In Australia and New Zealand, a chocolate version of the bun has become popular; there are also coffee flavoured buns sold in some Australian bakeries. They generally contain the same mixture of spices, but chocolate chips are used instead of currants.
In the Czech Republic, mazanec is a similar cake or sweet bread eaten at Easter time. It often has a cross marked on top.

The cross

The traditional method for making the cross on top of the bun is to use short-crust pastry; however, more recently recipes have recommended a paste consisting of flour and water.

Cadbury Crème Egg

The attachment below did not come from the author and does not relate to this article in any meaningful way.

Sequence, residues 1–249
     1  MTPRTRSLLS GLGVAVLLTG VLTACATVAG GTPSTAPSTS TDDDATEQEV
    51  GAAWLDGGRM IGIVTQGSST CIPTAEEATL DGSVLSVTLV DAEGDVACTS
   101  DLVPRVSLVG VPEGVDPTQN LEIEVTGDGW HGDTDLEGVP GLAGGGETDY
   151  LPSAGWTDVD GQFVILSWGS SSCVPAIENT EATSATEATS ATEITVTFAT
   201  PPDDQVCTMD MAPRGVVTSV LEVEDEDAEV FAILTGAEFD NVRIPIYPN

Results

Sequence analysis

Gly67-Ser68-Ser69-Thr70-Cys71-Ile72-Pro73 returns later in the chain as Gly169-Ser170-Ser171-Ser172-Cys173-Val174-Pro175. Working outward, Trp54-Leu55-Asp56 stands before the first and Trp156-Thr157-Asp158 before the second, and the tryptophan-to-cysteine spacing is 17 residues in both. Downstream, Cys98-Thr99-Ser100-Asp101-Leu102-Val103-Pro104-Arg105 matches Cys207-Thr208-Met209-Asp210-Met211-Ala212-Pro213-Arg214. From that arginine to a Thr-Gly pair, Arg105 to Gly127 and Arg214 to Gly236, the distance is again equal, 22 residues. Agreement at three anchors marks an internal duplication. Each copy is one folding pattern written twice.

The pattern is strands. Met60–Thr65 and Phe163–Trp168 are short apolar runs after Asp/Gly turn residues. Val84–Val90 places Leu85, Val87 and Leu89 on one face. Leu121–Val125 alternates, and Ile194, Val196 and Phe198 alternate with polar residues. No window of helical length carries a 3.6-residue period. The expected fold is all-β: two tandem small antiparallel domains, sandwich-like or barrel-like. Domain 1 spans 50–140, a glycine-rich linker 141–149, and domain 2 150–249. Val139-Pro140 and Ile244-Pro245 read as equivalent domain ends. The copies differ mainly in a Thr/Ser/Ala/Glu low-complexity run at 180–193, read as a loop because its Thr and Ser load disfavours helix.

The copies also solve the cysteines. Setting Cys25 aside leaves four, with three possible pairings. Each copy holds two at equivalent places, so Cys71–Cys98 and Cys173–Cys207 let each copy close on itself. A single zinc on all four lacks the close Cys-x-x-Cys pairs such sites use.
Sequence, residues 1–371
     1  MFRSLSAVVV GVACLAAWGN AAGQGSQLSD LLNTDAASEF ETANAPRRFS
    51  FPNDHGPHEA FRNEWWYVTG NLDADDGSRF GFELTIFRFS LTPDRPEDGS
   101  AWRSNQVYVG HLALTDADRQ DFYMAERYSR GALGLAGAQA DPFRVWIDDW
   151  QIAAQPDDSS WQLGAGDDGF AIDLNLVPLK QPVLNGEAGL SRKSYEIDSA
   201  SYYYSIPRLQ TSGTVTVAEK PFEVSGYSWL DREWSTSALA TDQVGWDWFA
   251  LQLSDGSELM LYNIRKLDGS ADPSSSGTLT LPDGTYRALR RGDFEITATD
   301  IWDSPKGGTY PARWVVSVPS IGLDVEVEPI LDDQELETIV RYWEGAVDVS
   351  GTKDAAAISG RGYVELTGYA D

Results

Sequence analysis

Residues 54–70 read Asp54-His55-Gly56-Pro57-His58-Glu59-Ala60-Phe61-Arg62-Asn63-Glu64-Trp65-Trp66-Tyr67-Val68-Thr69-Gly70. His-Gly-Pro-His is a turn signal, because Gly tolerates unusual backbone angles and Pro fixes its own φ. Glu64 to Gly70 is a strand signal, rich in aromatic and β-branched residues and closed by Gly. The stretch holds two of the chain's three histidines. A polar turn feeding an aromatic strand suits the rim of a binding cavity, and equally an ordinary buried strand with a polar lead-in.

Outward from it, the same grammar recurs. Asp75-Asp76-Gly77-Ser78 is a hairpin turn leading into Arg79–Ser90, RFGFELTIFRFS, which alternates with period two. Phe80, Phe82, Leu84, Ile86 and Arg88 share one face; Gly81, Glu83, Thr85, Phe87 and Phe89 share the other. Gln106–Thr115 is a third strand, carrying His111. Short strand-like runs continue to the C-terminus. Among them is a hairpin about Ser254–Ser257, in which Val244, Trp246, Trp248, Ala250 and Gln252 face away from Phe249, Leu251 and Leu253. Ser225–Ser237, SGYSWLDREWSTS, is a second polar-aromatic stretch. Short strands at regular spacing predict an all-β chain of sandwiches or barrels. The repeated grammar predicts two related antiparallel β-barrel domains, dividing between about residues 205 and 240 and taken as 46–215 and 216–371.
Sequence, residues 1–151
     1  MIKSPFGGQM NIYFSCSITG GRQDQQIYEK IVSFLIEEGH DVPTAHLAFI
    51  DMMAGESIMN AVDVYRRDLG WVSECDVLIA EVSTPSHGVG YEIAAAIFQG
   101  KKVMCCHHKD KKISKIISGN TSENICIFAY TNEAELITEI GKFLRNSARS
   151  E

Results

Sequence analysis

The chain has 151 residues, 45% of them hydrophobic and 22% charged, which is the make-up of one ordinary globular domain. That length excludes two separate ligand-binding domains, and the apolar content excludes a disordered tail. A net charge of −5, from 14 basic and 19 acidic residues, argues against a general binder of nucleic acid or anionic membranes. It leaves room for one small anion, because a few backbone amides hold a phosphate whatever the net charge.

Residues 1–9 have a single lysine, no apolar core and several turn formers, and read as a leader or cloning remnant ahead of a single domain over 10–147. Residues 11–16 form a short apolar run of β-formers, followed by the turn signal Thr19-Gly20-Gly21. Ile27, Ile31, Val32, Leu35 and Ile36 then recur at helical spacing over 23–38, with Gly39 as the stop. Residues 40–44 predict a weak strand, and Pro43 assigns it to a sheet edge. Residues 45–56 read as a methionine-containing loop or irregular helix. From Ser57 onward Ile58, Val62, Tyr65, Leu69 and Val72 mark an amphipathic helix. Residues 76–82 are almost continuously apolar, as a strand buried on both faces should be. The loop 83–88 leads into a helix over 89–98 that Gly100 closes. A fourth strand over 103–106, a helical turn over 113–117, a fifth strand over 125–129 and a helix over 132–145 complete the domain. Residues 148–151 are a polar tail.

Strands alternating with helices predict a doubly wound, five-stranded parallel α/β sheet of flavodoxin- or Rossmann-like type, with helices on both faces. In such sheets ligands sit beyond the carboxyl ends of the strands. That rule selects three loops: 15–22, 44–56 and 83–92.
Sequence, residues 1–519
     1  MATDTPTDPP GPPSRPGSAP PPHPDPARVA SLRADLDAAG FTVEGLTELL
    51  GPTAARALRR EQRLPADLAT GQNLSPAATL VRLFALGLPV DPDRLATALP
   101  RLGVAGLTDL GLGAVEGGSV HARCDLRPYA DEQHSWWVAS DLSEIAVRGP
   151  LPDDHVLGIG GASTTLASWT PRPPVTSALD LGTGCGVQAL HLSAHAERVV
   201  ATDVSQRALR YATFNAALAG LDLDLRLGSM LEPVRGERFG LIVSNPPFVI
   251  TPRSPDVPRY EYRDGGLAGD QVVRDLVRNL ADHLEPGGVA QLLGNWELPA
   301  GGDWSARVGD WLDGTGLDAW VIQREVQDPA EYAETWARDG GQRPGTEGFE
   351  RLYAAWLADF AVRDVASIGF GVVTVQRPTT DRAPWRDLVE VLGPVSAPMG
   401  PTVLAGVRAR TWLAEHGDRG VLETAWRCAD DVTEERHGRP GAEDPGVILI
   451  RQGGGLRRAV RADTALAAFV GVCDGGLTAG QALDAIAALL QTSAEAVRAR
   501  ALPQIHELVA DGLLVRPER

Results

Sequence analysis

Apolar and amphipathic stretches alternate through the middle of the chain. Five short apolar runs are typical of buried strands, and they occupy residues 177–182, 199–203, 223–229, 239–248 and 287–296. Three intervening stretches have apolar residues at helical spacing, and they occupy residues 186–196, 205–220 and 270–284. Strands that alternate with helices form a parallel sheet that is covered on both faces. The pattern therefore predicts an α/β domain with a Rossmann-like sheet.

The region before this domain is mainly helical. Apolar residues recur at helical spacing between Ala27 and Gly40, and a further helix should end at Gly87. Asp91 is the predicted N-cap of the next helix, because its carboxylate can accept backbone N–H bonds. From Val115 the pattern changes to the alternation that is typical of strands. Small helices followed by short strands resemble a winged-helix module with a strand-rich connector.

A Cadbury Creme Egg is a chocolate product manufactured in the shape of an egg. The product is made up of a thick milk chocolate shell, with a white and yellow fondant filling which mimics the albumen and yolk of a real egg. Creme Eggs are the best-selling confectionery item between New Year's Day and Easter in the UK, with annual sales in excess of 200 million and a brand value of approximately £50 million.

Eggs-tra Recipies

For some Eggs-tra recipies, see Mrs P!

Eggs-treme Jokes!

What does the Easter Bunny get for making a basket?
Two points, just like the other basketball players.

How many Easter eggs can you put in an empty basket?
Only one. After that, it’s no longer empty.
How does Easter end?
With the letter R.

How do you know carrots are good for your eyes?
Because you never see a rabbit wearing glasses.

How did the soggy Easter Bunny dry himself?
With a hare dryer.

What do you call a rabbit with fleas?
Bugs Bunny.

How are rabbits like calculators?
They both multiply really fast.